Welcome back! After the long break we’re back to examine Sherlock’s self proclaimed sociopathy–high functioning or otherwise. What else could be happening for Sherlock? Why does he advertise himself as a sociopath? Why do people (including Pebble and Blü) feel the need to diagnose others? Why is Blü upset with her otome game? Find out in today’s episode!
Antisocial Personality Disorder- DSM diagnosis with traits that are often described as psychopathy or sociopathy. “The clinical version of someone who is (described as) a psychopath or a sociopath.” -Pebble
APA- American Psychological Association, a governing board that sets laws, conducts research, and outlines diagnostic criteria for mental health professionals.
Autism Spectrum Disorder- DSM diagnosis with specific traits, such as significant difficulties with social interaction, fixation on specific interests, and repetitive behavior.
DSM- Diagnostic and Statistical Manual (5th Edition) is used by psychiatrist, doctors, and clinicians to diagnosis and refer to mental health diagnoses.
Lawful Neutral- A type of Alignment from the Dungeons and Dragons game that characterizes a players/characters ethics or moral leanings. In this case, Lawful Neutral implies that Sherlock works within a system of laws (sometimes his own) and is relatively trustworthy, but that he is often more concerned about his own needs/desires before others.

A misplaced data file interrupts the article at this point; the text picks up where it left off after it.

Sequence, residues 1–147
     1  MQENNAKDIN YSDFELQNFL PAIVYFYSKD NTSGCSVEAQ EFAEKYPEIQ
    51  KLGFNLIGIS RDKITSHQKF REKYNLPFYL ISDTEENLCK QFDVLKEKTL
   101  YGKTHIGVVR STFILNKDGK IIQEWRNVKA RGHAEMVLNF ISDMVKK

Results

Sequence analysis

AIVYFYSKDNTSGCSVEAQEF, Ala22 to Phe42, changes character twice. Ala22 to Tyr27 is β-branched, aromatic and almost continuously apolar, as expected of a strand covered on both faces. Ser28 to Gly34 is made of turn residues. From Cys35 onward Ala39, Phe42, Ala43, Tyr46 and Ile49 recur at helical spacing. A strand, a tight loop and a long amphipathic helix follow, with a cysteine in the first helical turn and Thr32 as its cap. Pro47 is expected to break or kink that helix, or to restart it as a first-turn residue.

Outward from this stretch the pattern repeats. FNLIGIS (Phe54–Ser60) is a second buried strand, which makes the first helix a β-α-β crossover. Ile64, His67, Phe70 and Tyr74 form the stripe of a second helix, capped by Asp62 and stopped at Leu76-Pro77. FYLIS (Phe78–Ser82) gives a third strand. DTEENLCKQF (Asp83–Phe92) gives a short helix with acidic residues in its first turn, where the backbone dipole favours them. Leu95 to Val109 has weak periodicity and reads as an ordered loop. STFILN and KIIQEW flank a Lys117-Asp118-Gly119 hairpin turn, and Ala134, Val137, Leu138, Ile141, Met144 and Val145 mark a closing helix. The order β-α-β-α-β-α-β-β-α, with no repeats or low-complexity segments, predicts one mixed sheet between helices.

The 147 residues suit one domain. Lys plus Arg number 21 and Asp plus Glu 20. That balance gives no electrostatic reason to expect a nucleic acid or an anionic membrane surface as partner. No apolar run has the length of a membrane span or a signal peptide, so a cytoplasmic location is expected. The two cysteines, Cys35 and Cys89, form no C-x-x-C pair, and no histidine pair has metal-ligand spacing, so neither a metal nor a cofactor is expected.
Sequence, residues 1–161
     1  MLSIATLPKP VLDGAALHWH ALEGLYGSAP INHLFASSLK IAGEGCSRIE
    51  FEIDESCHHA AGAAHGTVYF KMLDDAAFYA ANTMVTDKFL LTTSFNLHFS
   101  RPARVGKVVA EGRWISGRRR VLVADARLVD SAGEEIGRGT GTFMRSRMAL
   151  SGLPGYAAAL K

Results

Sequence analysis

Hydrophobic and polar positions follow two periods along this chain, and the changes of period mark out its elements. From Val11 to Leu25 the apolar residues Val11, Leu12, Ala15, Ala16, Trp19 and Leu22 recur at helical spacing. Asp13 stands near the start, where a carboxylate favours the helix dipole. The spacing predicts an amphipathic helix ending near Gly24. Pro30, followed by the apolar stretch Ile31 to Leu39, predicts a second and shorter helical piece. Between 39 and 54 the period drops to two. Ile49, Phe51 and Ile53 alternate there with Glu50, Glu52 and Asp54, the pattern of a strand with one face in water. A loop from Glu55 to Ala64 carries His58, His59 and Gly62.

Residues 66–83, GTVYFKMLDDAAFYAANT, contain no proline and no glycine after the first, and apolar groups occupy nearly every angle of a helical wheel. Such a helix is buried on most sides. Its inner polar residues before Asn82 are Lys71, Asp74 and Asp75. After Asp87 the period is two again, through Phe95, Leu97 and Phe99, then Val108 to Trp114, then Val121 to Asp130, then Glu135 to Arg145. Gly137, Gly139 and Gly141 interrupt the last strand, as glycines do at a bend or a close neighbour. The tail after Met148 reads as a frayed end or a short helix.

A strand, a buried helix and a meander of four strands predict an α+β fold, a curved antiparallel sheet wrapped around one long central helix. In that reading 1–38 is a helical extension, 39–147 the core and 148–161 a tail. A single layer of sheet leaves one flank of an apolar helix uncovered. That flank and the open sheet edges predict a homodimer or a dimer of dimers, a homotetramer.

Otome- A type of game geared towards women with elements of RPG (role playing game) and “choose your own adventure,” usually involving love/romantic plots in which the player is a main character.
Psychopath/Sociopath- Terms used by the media to express certain personality traits or acts of an individual. Following definitions as found on Google:
- Psychopath-A person suffering from chronic mental disorder with abnormal or violent social behavior.
- Sociopath- A person with a personality disorder manifesting itself in extreme antisocial attitudes and behavior and a lack of conscience.
Social (Pragmatic) Communication Disorder- DSM diagnosis with specific criteria, such as difficulty with communicating and understanding/reading social ques.